HER LEGACY — Former Volusia County Council Member Pat Northey addresses a crowd at the ribbon-cutting for a portion of the St. Johns River-to-Sea Loop bike trail that connects Volusia County to a network of bike trails around the St. Johns River in Central Florida. During her time on the County Council, Northey was a proponent for bike trails and other outdoor activities. PHOTO COURTESY FDOT


In November of 2000, the very smart voters of our beautiful county voted to tax themselves (61 percent were in favor) for 20 years to provide dollars for bricks-and-mortar and capital projects that would contribute to our quality of life here in Volusia.

That program was ECHO, and the elements it represents: environmental, cultural, historic, and outdoor recreation projects. We did a lot with those dollars during the first 20 years, investing in 239 projects with a combined ECHO and matching-dollar impact of $223 million.

ECHO is not a giveaway; it is a matching-grant program. For every $1 invested by ECHO, we see an average return on our investment of $1.83 by our grant partners.

AFTERNOON RIDE — Jim Ardito, husband of St. Johns River-to-Sea Loop Alliance President Maggie Ardito, is shown riding past a sign demarcating the Pat Northey 5K trail segment, named for former Volusia County Council Member Pat Northey.

Well … time flies when we are doing good things in our county, like constructing important cultural and outdoor recreational projects, saving endangered and historic buildings, and providing for environmental education.

As ECHO’s 20 years were coming to an end, a grassroots committee convinced the County Council to place the program on the ballot for reauthorization. And, we did it again with 72 percent of Volusia County voters casting their ballots to continue the program for an additional 20 years, overwhelmingly signaling their support for quality of life in Volusia County.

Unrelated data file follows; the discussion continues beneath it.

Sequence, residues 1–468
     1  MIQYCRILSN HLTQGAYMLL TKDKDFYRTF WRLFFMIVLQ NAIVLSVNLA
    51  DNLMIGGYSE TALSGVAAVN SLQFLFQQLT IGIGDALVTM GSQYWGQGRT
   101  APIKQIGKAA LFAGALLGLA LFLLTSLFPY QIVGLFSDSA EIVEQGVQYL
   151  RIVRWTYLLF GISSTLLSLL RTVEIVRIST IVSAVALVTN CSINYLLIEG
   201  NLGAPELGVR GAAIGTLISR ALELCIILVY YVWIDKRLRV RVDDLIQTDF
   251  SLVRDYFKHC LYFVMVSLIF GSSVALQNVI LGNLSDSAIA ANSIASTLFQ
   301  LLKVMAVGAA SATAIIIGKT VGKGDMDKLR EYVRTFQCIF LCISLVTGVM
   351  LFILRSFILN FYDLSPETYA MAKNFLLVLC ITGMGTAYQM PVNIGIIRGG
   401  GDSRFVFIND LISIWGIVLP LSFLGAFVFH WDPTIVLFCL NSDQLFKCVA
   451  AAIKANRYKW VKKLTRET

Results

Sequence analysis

The program is overseen by a citizen advisory committee, with all recommendations going to the County Council for final approval. I am honored to serve as the chair of our ECHO committee of nine really smart and engaged citizen volunteers who want to do the best for our citizens, and are focused on improving our quality of life.

So, when we had the opportunity to support what’s called a “direct county expenditure strategic plan,” as proposed by the county staff, our committee unanimously recommended that the County Council adopt the plan, which the County Council did at their March 7 meeting.

This strategic plan represents an ECHO investment of $15.4 million over five years to fund 43 projects at 32 sites across the county. And, importantly, it does not touch future ECHO revenues, leaving intact the annual appropriation to fund projects submitted by our cities and not-for-profits.

An example of a direct county expenditure is the county’s showcase trails plan. We allocate $1.5 million annually from ECHO to this program. This allows the parks staff to do long-term planning for trails without returning to the ECHO committee as a competitive grant request.

All the projects adopted by the County Council are aligned with current ECHO program eligibility criteria, and direct county expenditure is allowed by the enabling resolution of 2020.

Over the life of the program, the council has funded 22 projects totaling $16 million through the DCE process. This time around, ECHO will be funding 11 environmental, two historic, and 30 outdoor-recreation projects that will be done by the county.

These projects are geographically distributed across the county for public use. I am personally excited to see that the 11 environmental projects in the plan nearly double the 15 ECHO environmental projects that were funded from 2000 to the present.

This first year, the plan will fund 13 projects using $5,656,205 in ECHO reserve funds that will be matched with an additional $3,171,204 from other funding sources. The plan will be updated as needed, and any changes will be brought back to the ECHO committee with final approval by the County Council.

Lastly, all projects will be tracked, and progress can be viewed by the public on the ECHO Program Transparency Dashboard. And, of course, all projects will be subject to the required ECHO annual audit.

Volusia County’s ECHO program is unique in the state, perhaps in the nation. We have been investing in our quality of life for more than 20 years, and we continue to be the shining example of how to do it right!

Thank you to all those voters who believed in the program enough to reauthorize it. The program is operating as intended.

— Northey, a former member of the Volusia County Council representing Southwest Volusia District 5, lives in Deltona.


Please enter your comment!
Please enter your name here